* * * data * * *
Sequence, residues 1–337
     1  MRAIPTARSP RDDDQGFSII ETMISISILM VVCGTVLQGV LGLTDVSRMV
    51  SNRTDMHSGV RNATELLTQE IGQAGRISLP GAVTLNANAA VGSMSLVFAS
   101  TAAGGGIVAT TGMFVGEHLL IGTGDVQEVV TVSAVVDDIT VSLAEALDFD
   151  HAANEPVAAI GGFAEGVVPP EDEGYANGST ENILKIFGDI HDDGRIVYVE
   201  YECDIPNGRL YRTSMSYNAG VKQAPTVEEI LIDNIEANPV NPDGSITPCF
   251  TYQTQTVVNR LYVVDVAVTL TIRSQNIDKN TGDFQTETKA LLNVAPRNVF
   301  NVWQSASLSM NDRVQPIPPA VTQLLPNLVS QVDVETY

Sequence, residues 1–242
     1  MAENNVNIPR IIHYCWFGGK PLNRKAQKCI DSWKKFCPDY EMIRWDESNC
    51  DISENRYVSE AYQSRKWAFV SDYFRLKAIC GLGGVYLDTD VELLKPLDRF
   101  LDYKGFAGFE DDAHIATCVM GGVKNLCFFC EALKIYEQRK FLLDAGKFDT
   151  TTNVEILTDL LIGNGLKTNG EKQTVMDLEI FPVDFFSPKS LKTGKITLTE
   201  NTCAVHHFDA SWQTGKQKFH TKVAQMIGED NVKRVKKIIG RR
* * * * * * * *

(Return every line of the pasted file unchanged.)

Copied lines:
Sequence, residues 1–337
     1  MRAIPTARSP RDDDQGFSII ETMISISILM VVCGTVLQGV LGLTDVSRMV
    51  SNRTDMHSGV RNATELLTQE IGQAGRISLP GAVTLNANAA VGSMSLVFAS
   101  TAAGGGIVAT TGMFVGEHLL IGTGDVQEVV TVSAVVDDIT VSLAEALDFD
   151  HAANEPVAAI GGFAEGVVPP EDEGYANGST ENILKIFGDI HDDGRIVYVE
   201  YECDIPNGRL YRTSMSYNAG VKQAPTVEEI LIDNIEANPV NPDGSITPCF
   251  TYQTQTVVNR LYVVDVAVTL TIRSQNIDKN TGDFQTETKA LLNVAPRNVF
   301  NVWQSASLSM NDRVQPIPPA VTQLLPNLVS QVDVETY

Sequence, residues 1–242
     1  MAENNVNIPR IIHYCWFGGK PLNRKAQKCI DSWKKFCPDY EMIRWDESNC
    51  DISENRYVSE AYQSRKWAFV SDYFRLKAIC GLGGVYLDTD VELLKPLDRF
   101  LDYKGFAGFE DDAHIATCVM GGVKNLCFFC EALKIYEQRK FLLDAGKFDT
   151  TTNVEILTDL LIGNGLKTNG EKQTVMDLEI FPVDFFSPKS LKTGKITLTE
   201  NTCAVHHFDA SWQTGKQKFH TKVAQMIGED NVKRVKKIIG RR